Moisture in Concrete - Part 1
June 26, 2019
This post focuses on the moisture phenomenon in concrete and the difference between lightweight and normal-weight structural concrete. Curing versus drying and the standards used to determine relative humidity levels are also addressed. Part II will address design recommendations and roof assembly selection.

Moisture in Newly Poured Structural Concrete Roof Decks
When investigating roofs for leaks, invariably, moisture is found beneath the roof membrane. However, the source of moisture is not always a roof leak. Newly poured structural concrete could be a contributor to the presence of moisture beneath a new or a replacement roof.

Concrete is a mixture of several components that reaches its optimum strength through a chemical reaction induced by water. Concrete needs water to allow for flowability and workability, however, water also has adverse effects. Once the concrete has cured, the remaining water is considered “free water”, or moisture which is no longer consumed by the curing process. Rain and snow add moisture to exposed concrete roof decks and further prolong the drying. As an example, a 4” slab of structural concrete contains as much as 200 gallons of free water per 1,000 square feet.

Structural Concrete Mix Ratio
The ratio for both normal-weight and lightweight structural concrete (LWSC) is generally the same:
• 10-15% cement
• 60-75% aggregate (fine and coarse)
• 15-20% water

The difference is in the aggregate; the lightweight aggregate is pre-saturated prior to mixing. The lightweight aggregate, which is made up of shale, slate slag, or clay, can absorb 5-25% of its mass. Normal-weight structural concrete, however, utilizes aggregates such as sand and stone, which are not as porous and do not need to be wetted before adding to the mix.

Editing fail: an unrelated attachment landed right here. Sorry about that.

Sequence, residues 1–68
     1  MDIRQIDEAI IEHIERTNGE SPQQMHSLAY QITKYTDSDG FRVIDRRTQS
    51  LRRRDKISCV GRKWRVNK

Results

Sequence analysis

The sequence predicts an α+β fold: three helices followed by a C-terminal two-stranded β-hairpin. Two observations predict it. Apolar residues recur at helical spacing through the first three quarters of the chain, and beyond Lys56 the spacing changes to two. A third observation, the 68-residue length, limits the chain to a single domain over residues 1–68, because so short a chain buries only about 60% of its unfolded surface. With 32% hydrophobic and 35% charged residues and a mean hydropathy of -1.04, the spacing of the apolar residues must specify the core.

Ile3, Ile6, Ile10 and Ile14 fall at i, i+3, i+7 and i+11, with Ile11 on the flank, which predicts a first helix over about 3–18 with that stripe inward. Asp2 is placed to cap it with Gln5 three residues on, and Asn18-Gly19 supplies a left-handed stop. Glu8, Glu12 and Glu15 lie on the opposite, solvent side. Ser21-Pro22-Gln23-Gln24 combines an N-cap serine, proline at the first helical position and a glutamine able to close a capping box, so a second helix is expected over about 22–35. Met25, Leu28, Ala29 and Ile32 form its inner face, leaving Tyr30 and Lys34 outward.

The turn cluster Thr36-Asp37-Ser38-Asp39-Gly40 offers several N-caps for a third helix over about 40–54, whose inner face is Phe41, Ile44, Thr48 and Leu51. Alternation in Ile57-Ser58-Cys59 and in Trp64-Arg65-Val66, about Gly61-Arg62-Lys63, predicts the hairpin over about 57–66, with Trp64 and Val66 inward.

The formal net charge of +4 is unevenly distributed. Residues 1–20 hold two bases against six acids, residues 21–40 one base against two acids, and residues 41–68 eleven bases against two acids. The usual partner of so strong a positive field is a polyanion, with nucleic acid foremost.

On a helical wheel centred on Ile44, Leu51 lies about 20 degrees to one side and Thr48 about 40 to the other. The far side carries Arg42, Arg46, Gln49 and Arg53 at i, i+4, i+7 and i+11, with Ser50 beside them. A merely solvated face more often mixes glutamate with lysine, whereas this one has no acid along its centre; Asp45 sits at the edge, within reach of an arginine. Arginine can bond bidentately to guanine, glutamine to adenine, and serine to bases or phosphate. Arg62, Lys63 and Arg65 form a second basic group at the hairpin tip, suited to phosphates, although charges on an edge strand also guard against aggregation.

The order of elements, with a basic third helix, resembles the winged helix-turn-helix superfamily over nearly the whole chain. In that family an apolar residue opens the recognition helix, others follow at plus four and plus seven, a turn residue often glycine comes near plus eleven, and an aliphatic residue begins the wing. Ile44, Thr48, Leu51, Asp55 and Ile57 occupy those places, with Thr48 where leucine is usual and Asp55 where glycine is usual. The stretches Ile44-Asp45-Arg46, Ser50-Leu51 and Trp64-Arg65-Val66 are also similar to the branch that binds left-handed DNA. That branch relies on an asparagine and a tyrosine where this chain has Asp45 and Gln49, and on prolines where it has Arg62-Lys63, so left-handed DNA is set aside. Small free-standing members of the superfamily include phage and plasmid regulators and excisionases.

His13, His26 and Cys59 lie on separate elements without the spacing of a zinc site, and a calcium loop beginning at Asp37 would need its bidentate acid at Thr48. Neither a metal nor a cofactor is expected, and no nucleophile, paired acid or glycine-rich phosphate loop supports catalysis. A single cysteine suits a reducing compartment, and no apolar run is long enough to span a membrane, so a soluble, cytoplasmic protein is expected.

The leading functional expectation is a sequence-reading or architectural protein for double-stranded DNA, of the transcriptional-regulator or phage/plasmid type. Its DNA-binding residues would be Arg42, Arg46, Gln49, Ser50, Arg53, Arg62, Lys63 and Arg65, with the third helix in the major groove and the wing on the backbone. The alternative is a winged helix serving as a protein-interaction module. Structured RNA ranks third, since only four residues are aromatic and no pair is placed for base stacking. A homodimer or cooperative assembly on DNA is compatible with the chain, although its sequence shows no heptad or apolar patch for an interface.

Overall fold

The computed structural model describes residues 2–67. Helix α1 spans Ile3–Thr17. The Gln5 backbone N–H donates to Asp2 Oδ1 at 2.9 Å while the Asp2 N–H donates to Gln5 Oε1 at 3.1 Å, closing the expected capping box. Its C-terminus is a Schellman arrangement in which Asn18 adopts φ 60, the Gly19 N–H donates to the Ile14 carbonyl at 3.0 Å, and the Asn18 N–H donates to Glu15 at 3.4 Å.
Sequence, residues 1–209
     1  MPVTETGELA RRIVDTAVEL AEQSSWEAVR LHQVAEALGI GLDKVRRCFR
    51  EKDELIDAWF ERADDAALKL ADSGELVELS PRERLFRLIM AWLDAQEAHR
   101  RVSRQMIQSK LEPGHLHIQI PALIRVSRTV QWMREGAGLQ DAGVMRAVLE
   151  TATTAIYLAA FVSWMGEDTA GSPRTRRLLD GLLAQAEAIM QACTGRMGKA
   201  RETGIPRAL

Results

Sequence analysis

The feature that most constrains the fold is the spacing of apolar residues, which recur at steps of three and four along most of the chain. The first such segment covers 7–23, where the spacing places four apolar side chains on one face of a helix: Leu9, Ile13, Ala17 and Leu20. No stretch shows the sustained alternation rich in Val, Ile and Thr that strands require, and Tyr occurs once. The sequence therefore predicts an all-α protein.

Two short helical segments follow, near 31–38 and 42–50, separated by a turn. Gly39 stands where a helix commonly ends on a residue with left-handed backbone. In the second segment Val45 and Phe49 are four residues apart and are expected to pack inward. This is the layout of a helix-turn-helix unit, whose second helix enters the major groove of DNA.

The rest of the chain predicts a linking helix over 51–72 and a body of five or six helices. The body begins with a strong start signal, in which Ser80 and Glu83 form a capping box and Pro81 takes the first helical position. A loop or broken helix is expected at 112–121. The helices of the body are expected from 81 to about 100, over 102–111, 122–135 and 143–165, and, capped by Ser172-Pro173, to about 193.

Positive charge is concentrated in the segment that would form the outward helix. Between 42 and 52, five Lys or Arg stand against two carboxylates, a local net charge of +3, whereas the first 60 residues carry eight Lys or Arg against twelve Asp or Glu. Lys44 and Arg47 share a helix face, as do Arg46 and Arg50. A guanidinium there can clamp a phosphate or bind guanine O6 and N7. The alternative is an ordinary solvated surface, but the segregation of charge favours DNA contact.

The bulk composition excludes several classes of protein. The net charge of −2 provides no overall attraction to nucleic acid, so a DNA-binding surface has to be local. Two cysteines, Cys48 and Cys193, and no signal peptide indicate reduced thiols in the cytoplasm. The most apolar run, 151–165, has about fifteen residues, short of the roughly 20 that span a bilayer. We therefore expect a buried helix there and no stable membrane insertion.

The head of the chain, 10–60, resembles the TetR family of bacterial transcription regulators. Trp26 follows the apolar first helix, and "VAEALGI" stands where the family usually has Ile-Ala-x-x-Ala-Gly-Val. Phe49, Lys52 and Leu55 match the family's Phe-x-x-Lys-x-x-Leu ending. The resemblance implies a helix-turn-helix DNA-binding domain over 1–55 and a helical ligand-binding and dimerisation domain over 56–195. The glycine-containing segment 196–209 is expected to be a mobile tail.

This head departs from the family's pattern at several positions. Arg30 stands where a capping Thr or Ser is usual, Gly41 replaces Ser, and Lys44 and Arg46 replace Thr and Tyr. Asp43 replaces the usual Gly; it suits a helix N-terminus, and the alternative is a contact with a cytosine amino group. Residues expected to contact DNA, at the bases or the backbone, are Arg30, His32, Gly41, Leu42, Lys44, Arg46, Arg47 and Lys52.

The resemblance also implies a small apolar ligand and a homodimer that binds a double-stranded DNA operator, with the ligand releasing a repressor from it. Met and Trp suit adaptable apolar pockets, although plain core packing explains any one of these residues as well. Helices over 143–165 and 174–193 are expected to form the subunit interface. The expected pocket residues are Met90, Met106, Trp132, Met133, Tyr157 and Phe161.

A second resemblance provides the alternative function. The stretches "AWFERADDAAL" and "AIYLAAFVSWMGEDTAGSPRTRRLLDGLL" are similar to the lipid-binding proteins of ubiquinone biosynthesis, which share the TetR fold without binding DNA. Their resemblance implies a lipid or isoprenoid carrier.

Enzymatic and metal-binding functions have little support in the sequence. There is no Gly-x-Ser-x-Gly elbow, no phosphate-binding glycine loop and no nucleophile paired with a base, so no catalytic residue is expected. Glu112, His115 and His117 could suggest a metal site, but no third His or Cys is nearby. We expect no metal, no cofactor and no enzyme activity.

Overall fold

The popularity of LWSC is increasing due to:
• Lower building structural cost;
• Lesser density for reduced dead loads; and
• Environmental and sustainability claims.



Drying Time
To reach a 75% relative humidity for normal-weight structural concrete, it will take approximately three months. However, achieving the same 75% relative humidity for LWSC will take twice as long. According to the Portland Cement Association, the dry-down time for LWSC is more than normal-weight structural concrete.


Standards for Moisture Testing
For many years, the roofing industry has used a curing time of 28 days after the concrete is poured. However, there are test methods published by ASTM for determining the moisture content in concrete.

Qualitative tests, such as the plastic sheet test and electrical resistance and/or impedance are good indicators of the presence of moisture in a given area but are not as accurate as quantitative tests.

Quantitative tests, such as the moisture vapor emission rate test, surface humidity, or in-situ relative humidity tests demonstrate levels of moisture present in the concrete.

The recommended quantitative test is the in-situ relative humidity test (ASTM F2170), in which a sleeved probe is placed in a drilled hole in the concrete and left in place for 24 hours. After the 24 hours, an electronic reader is attached, and the information is read directly from the sensor. The relative humidity reading should be less than 80% at a depth of approximately 40% of the thickness of the slab.

The moisture values and test duration stated above have been slightly modified to better suit outdoor roof conditions. 

Site Considerations
The concrete pour schedule can affect moisture testing and provide inaccurate moisture values. Therefore, in phased construction, the field testing and the roofing installation should be aligned with the concrete pour schedule and ICRI-Certified Concrete Inspectors should be commissioned.